If everything were a result of natural forces, what is man?  An animal amid a great company of different species.  Man is certainly a noble animal, but who’s to define what is noble or valuable?  Man must be filled with hubris to think of himself as superior to any animal or plant or rock.  It’s all matter, and all of us came from the same atoms.

            On the other hand, if we believe St. John, we see that the same God who created all things out of nothing, also gave mankind a very special place among “all things that exist” (v. 3).  Everything that exists was made through the Word of God, but “in Him was life and the life was the light of men.”  What gives man his nobility and his value?  God does, the very Author of Life does.  And among all creatures that have the breath of life, He gave His Light to man.  Therefore, in the words of Genesis, man is created in the image and likeness of God[3]—thinking, self-conscious, emotional, relational, creative, and able to communicate.  Communicate with whom?  With God and with one another.  God created through the Word, expresses Himself by words, and reveals Himself to man through the Word.  God created language just for mankind.

            And God does more than simply communicate with man.  According to who He is, He relates with man.  This relationship with man is deeply damaged on man’s side: “The true light, which enlightens everyone, was coming into the world. He was in the world, and the world was made through him, yet the world did not know him.”  Later, John will explain, “The light has come into the world, and men loved darkness rather than the light because their works were evil.”[4] The people God created to know him and know one another, used another of their God-created attributes—a will of their own—to refuse Him.  In so doing, they became so darkened, that even when God the Word came into the world in the flesh, man knew nothing of Him.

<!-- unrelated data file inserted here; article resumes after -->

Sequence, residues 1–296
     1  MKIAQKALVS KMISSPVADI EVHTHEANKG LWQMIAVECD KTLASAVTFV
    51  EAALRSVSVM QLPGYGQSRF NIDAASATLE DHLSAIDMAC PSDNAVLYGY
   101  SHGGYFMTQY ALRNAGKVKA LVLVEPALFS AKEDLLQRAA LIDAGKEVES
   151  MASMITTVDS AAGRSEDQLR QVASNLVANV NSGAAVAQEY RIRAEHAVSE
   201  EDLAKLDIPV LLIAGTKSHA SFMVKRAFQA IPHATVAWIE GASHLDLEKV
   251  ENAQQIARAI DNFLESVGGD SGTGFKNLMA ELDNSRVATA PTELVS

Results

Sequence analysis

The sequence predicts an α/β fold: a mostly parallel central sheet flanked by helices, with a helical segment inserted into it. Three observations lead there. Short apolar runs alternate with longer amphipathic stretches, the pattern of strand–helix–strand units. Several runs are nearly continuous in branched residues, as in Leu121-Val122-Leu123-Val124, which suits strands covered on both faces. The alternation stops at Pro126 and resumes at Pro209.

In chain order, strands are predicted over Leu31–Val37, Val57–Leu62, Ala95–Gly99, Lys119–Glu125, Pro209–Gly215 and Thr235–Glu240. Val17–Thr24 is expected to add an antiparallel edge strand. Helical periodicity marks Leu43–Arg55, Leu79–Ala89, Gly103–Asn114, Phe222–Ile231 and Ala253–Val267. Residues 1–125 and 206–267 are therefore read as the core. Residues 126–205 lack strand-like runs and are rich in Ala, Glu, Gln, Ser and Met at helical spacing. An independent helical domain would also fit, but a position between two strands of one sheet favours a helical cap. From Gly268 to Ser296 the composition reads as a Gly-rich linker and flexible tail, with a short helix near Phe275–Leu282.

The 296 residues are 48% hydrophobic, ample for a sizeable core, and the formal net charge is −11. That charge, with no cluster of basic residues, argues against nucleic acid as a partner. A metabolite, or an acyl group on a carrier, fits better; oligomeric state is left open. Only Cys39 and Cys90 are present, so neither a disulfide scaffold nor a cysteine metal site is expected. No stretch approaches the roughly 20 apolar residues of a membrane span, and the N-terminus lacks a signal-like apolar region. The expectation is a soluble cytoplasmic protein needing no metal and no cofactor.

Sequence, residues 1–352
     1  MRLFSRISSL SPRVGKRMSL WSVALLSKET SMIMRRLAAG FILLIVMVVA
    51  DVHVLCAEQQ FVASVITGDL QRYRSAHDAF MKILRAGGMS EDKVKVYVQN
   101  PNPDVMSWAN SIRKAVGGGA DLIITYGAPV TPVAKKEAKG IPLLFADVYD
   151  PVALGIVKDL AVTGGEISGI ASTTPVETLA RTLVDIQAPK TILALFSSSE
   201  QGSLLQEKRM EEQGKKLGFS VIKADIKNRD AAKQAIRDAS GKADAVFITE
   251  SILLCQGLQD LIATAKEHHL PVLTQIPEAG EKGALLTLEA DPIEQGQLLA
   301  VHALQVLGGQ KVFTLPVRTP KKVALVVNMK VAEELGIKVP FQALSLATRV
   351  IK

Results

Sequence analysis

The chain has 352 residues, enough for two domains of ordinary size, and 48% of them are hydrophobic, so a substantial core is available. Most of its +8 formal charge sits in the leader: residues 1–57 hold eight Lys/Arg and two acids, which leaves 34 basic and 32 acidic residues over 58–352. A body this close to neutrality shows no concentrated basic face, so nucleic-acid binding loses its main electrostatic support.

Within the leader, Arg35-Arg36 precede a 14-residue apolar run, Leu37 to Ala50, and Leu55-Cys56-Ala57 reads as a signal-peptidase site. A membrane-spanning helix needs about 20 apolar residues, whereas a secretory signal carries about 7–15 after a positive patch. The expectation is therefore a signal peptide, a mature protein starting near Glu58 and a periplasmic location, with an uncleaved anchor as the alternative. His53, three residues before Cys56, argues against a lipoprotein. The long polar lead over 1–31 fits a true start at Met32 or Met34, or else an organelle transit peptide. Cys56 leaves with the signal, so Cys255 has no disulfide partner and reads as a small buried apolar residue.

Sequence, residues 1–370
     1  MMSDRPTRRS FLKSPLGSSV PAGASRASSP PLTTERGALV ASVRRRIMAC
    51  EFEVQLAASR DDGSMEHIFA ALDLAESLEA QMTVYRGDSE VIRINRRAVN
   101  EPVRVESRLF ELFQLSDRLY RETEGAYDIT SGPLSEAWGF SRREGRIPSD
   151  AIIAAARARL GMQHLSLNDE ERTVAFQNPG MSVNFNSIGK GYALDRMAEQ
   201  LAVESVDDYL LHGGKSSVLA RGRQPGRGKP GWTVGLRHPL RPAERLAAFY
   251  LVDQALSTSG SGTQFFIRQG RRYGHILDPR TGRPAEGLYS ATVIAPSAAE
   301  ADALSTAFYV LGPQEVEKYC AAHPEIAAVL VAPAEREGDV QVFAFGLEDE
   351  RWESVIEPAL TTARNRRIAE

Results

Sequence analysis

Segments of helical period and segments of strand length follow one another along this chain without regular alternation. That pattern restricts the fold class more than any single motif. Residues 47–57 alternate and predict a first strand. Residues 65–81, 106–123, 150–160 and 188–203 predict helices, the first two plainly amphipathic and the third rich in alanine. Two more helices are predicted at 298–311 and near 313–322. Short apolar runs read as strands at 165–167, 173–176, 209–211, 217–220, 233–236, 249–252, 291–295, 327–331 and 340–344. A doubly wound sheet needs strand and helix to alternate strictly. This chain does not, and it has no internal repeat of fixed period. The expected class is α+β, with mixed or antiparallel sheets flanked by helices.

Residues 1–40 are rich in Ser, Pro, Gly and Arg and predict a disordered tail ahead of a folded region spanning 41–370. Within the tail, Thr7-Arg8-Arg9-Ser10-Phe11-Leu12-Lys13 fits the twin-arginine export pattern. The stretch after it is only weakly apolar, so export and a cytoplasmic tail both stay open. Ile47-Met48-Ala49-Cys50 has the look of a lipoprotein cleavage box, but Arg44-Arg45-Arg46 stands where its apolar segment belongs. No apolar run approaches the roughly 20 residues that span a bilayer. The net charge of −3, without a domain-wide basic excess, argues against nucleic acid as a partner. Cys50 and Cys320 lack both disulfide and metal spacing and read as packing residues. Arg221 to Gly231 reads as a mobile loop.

Naturalism can account for none of the unique blessings and unique curses belonging to humanity.  According to evolution, death is a natural part of the system, a recycling of matter.  If man behaves like an animal, it’s because he is one.  The evils which we hate are taught to us and are simply our desire to propagate our own genes.[5]  But these theories offer no answer to pain, loss, grief, or pangs of conscience.  All they can do is point you toward death as an escape into oblivion.

            But St. John tells us of so much more for humanity.  We have more than a futile, animal existence.  And when we experience pain, loss, grief, and guilt, it is not simply up to us to bear that burden and think our ourselves out of it.  We are creatures of God, beloved by Him.  He never casts us off as refuse.  He shares His own likeness with us!  And where does He show that in more brilliant clarity than in the Incarnation?

The God who created heaven and earth, who personally formed each of us in our mother’s womb, bound Himself forever to His creation.  The Word became creature of this creation through the womb of the Virgin.  And now there is nothing that can wrench us from His hands.  In former times, God said, “Behold, I have engraved you on the palms of my hands.”[6]  But when the Word became flesh, He moved in with us permanently.  The Word was made flesh, and He is now forever human, just as much as from “the beginning He was with God and was God.”

In the words of the Nicene Creed, for us men and for our salvation, He became man.  The Word became flesh to purify it—to purify us from all ungodliness, which shows itself in idolatry, rebellion, murder, sexual immorality, and greed.  The Incarnate Word purifies us by taking all these things into Himself.  He takes dying people of the flesh, and raises us up to be children of God, sharing in His life.

This is the universe we exist in—not a chaotic, heartless mass of energy and matter.  We exist in a creation that is tended and cared for by an Almighty Creator.  But even more than that, though we are corrupt and dying, our Creator also took it upon Himself to save us.  In the Word made flesh, we have a God who takes a dying humanity into Himself that through Him we may have life eternally.  Amen.

[1] Give or take 37 million years.

[2] Theme song to the TV show Big Bang Theory

[3] Genesis 1:-26-27

[4] John 3:19

[5] A rationale espoused by Richard Dawkins in “The Selfish Gene” (Oxford, 1976)

[6] Isaiah 49:16

Nativity of Our Lord (John 1:1-14)

Bethlehem Lutheran Church, Lebanon, OR
Nativity of Our Lord + December 25, 2017
Text: John 1:1-14

This morning, we complete our series on the pivotal point in the Nicene Creed (which we just confessed).  “For us men, and for our salvation, He came down from heaven and was incarnate by the Holy Spirit of the virgin Mary and was made Man.